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June 18, 2014

BrianGT LM3886 Chipamp aka Gainclone Amplifier

Given that I mostly enjoy building tube amps that could have been built in the 1960s, this is a huge departure; we are zooming along to 1999 technology! As you may have read, the well revered audio company 47Labs, who are known for their often simple, minimalist circuit topology, brought into the world the Gaincard, a $3,300 amplifier (with power supply) that would spark debate in the audio community for several reasons.

The amplifier made use of the National Semiconductor LM3875, a 56 watt chip and relatively low capacitance. The internal parts were rumored to cost under $100, and the amp garnered a number of great reviews, so it was only natural that DIYers would want to try and duplicate, or potentially improve such an intriguing circuit.

DIYers have created similar builds using a variety of power opamp or audio opamp chips including National Semiconductor LM1875, LM3875, LM3886, and LM4780. Likely the most popular chips are the LM3886 and LM3875. You'll find these in designs from Peter Daniel of AudioSector, Allan at Chipamp Electronics, DalAudio, and others.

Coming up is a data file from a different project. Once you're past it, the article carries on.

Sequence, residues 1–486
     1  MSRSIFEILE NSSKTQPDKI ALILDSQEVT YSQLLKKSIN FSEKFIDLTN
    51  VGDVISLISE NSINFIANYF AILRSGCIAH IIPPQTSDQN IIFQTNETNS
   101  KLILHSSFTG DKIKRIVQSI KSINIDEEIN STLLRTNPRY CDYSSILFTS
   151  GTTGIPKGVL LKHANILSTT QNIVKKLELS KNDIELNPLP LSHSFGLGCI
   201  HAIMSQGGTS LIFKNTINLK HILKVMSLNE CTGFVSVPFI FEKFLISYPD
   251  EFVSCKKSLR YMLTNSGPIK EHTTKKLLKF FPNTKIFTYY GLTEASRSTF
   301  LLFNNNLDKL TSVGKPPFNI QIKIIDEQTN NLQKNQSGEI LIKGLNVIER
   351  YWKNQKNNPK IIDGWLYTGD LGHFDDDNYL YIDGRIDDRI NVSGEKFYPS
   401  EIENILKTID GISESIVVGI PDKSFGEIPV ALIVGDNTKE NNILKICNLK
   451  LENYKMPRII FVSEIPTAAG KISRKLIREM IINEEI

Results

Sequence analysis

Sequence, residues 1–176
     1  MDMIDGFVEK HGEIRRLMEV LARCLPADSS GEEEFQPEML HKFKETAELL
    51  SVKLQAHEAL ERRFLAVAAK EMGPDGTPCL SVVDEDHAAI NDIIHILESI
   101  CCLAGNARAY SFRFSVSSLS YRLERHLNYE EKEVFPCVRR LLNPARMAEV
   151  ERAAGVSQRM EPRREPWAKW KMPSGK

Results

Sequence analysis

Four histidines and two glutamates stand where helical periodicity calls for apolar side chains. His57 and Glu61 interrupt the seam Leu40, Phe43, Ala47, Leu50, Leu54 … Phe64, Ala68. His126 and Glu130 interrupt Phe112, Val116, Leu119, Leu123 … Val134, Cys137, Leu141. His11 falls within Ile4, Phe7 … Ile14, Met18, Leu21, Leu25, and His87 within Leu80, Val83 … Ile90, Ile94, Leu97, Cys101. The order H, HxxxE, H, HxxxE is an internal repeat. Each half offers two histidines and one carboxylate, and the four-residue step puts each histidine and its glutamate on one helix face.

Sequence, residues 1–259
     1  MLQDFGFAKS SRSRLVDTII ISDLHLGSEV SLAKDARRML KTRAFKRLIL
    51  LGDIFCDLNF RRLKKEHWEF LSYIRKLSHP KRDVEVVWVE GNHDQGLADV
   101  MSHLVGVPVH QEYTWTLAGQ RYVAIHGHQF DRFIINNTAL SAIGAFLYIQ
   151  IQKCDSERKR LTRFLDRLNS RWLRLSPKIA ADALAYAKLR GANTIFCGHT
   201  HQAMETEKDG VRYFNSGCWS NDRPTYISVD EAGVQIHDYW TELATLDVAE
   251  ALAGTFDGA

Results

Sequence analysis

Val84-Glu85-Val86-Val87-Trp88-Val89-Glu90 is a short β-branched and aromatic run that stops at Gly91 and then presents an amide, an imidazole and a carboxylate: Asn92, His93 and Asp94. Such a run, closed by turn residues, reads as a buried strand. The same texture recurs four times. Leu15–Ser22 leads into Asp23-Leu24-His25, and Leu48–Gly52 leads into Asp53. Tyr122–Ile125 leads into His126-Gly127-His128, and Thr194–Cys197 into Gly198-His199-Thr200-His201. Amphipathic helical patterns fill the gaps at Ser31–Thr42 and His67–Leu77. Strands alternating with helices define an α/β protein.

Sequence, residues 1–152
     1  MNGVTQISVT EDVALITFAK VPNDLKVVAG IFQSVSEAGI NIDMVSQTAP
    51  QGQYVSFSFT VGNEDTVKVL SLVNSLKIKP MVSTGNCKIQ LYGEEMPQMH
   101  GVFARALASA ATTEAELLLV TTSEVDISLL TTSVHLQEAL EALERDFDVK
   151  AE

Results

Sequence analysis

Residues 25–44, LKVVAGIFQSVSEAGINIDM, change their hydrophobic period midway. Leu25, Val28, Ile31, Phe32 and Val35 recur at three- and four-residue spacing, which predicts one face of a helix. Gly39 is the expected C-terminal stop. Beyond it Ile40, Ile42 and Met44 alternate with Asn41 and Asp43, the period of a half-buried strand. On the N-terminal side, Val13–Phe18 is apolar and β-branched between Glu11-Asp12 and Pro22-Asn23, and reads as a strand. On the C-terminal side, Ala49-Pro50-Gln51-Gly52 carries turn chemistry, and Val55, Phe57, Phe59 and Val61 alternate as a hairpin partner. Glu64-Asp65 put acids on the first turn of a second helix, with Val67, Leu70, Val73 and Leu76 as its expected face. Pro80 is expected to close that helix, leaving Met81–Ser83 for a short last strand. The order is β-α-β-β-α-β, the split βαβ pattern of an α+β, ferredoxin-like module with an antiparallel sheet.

After reading about the various kits available, I settled on the LM3886 from Chipamp Electronics as I liked the idea of additional capacitance in the power supply.

The Chipamp LM3886 Stereo Kit

Aside for the boards and the limited number of parts, the build would require a transformer, a box, heatsinks, heatsink mounting compound, binding posts, RCAs, switches, an IEC inlet with fuse, wire, standoffs, etc. After roughly deciding on where each part would reside within Photoshop, I settled on a 7" x 12" x 3" aluminum box. Both Hammond and Bud offer boxes this size, I ended up going with Bud as it was in stock at Mouser. See the rough layout below.

Chassis layout created in Photoshop

I prefer to fit the components into a case where there is enough room to breath, but there isn't a significant waste of space at the same time, so I generally avoid the 17" and 19" wide rack style enclosures. For the Toroid, an Avel 250VA 25V + 25V was selected (Model Y236652). Other brand options out there are AnTek and Plitron.

Chassis with parts in place

For the heatsinks, I found some reasonably priced ones on ebay that had mounting holes for screws. The instruction manual from Chipamp says you can also use a 3"x3"x1/2" piece of aluminum in free air in certain applications. I installed 1" aluminum standoffs on the heatsinks so I could mount them to the chassis with the fins facing the vent holes I planned to drill.